Once seen as fringe by mainstream investors, initial coin offerings are now the talk of Silicon Valley as well as Wall Street. They’ve raised over $3.2 billion this year which is about 3,000 percent more than they raised in 2016. The rise has been dramatic, to put it mildly.

To be fair, they offer a new model for crowdsourced fundraising, allow people to raise more money than they’d be able to from venture capitalists, from a larger base, all while being able to do so with minimal oversight and bureaucracy. For example, Filecoin raised twice as much in its initial offering, without a working product, than a comparable company after it’s top round of VC funding, after five years of existence.

But there lies both the promise and the peril of ICOs. Many ICOs promise their investors that they will be able to have preferred access to the product the ICO is offering—eventually. They don’t promise an ownership stake, as one might expect with an IPO, because if they did so they’d be classified as a security and have to abide by SEC regulations within the US, which many ICOs seek to avoid.

The key here is the idea that, eventually, an ICO would deliver on the product it is promising. But if it doesn’t, investors have little to no method of recourse. This is just one reason that countries such as China and South Korea have outlawed ICOs in their entirety.

A few months ago, Chamath Palihapitiya, a venture capitalist and BitCoin enthusiast, tweeted that “99% of ICOs are a scam”, expressing a need to filter the crooks out. “Next phase of ICOs will be real.”

ICOs such as Authorship, Opair, and Bitcad have given weight to such claims. At the most charitable they could be considered failures, which raised millions of dollars and failed to deliver; but they were also plagued by issues such as founders with fake LinkedIn profiles, inability to launch products (or well anything else) at the agreed upon dates, and long stretches of radio silence to their investors, all of which alludes to more nefarious intentions.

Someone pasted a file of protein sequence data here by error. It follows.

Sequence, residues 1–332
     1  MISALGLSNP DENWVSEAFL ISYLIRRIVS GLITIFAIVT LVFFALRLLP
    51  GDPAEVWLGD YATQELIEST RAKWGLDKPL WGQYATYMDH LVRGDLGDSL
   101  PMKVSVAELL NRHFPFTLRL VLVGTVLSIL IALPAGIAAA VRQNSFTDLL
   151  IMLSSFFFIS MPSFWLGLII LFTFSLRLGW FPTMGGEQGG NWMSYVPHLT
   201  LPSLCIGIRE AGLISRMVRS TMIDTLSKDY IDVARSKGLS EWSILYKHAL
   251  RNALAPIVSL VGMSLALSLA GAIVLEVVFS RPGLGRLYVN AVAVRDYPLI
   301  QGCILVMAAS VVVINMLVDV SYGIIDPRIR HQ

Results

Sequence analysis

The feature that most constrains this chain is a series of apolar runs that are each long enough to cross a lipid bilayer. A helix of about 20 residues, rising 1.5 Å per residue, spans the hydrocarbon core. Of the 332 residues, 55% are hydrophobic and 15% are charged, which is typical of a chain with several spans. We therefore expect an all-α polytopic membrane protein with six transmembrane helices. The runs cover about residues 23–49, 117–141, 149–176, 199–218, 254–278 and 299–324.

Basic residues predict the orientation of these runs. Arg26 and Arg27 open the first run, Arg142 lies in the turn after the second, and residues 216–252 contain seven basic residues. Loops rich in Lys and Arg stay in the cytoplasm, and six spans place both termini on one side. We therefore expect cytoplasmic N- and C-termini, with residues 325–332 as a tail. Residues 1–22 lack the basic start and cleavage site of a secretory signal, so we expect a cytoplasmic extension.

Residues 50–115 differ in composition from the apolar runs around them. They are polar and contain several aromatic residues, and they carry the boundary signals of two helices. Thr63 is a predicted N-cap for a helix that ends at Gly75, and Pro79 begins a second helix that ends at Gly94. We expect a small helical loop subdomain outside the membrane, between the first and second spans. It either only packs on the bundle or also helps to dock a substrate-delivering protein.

The rise of due diligence communities

Due diligence practices exists for a variety of reasons, and when they works well, help protect investments from fraudulent or unscrupulous companies. While it’s easy to find a variety of resources online for traditional IPO or investment due diligence, including an easy to follow 10 step process from Investopedia, few comparable resources exist for ICOs.

More recently, the ICO community has begun to look inward to develop such practices. The Reddit community Ico Crypto is working to build out such practices, and offer a quick checklist of ways to suss out a fraudulent ICO, as well as lay bare what you’re actually dealing with when it comes to ICOs. Some key points include:

  • Invest only what you can afford to lose.
  • Invest in something you do understand. You have to deep dive into the product: who, what, when, how? What about technology, team, market, viability, roadmap, token, supply, market cap, distribution, incentives, etc.
  • Ask if the product really need to be based on blockchain technology
  • Ask for information. Ask again. And again. (Example).
  • What about the token? Necessary? Useful? What’s the use? What about the incentives to use, hold or sell it? Is there a way to sell it?
  • Do you have access to ICO smart contract code before the ICO? Audited? Terms of ICO / Presale? Website audited?
  • Check accounts on Reddit (history, karma, redditor since, write to who and in which subreddits).
  • A lot of ICO rating/due diligence services, forums and websites are in a potential conflict of interests. If the service accept donation: caution. If a company has to pay to be rated or is encouraged to make a donation to expedite the procedure: caution. If the rating service is also acting as an exchange, intermediary, consultant: caution.

The ICO community is worried that a coming SEC crackdown is in the works, and while that may change the tenor of ICOs and just how quickly they’ve proliferated, it may also help separate which ones actually have the ability to deliver on the potential of the model. As Palihapitiya said, the next phase of ICOs will be real. It’s time the tools to get us there were embraced, and that includes common and robust due diligence practices.